The National Energy Retail Law commenced in the Australian Capital Territory and Tasmania on 1 July 2012, South Australia on 1 February 2013, New South Wales on 1 July 2013, and Queensland on 1 July 2015.
These laws set out your rights and responsibilities as a gas and electricity consumer.
If you are in a state or territory that hasn’t commenced the National Energy Retail Law, you will still have rights – check with your state or territory energy regulator about the specific protections that apply to you.
Energy retailers are required to:
- provide you with fair contracts with clear terms and conditions so you can fully understand the energy offer
- provide you with printed material on their offer or a one page summary of their offer (an Energy Price Fact Sheet and written product disclosure statement)
- notify you if they change your contract including the cost of your gas and electricity
- provide clear information on your bill, including how your electricity usage compares to other households in your area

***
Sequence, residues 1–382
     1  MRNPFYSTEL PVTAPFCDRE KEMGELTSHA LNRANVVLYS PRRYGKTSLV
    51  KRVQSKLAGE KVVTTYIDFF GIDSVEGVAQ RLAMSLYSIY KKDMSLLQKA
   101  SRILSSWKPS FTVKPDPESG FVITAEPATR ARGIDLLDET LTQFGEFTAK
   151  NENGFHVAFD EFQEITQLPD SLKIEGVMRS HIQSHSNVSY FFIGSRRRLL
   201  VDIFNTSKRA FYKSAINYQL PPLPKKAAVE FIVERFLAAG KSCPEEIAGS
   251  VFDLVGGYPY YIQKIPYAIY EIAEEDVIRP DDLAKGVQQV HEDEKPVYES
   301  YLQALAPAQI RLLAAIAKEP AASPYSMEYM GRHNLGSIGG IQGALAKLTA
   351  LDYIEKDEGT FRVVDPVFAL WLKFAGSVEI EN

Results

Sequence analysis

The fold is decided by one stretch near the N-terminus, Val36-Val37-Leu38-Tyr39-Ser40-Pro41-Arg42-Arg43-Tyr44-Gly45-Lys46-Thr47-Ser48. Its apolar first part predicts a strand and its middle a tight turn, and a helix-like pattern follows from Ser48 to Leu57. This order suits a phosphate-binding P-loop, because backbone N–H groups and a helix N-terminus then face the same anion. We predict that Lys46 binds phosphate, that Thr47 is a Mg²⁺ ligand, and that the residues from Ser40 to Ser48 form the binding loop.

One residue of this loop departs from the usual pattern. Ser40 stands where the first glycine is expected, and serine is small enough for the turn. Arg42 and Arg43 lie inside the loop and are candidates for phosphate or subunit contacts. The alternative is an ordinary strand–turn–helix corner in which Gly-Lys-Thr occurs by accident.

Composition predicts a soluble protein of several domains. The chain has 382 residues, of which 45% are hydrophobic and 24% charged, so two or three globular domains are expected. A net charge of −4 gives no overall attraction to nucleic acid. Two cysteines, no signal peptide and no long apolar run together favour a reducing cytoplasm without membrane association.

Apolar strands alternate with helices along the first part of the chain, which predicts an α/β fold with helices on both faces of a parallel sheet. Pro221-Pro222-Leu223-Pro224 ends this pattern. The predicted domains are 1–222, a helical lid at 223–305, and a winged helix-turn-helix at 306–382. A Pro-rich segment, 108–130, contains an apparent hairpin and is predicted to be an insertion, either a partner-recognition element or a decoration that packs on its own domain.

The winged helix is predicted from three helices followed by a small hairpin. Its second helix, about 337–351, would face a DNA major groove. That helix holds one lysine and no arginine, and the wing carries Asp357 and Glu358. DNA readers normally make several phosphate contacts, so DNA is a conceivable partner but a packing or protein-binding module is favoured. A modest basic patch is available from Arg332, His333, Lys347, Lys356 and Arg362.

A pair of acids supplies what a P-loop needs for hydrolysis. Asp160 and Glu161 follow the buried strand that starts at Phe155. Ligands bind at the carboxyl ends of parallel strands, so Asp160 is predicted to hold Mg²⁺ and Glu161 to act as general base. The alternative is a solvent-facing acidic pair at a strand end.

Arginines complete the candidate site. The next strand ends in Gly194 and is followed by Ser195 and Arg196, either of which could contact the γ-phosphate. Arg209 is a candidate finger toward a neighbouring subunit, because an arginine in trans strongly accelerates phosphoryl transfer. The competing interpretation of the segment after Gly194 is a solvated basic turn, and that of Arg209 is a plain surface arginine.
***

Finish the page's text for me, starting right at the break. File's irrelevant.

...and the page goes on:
- provide you with flexible payment options
- provide hardship programs that provide assistance such as payment plans and energy efficiency advice or waive late payment fees if you are having difficulty paying your bill
- maintain a ‘no contact’ list so that you can request that their salespeople do not visit you at home
- tell you about your right to complain if you have problems with your energy service.
You also have a right to fair and honest dealings with your retailer. Energy retailers, like all businesses, must comply with laws around advertising and marketing. There are also specific rules that door-to-door and telephone salespeople must follow. Refer to our guide on dealing with salespeople.
As a consumer you are responsible for ensuring that you:
- provide open and convenient access to read and maintain your electricity and gas meters
- provide notice when you move house
- advise your retailer if you begin using your energy differently, for example if you start running a small business from home
- provide confirmation from a medical practitioner if someone in your residence requires life support equipment.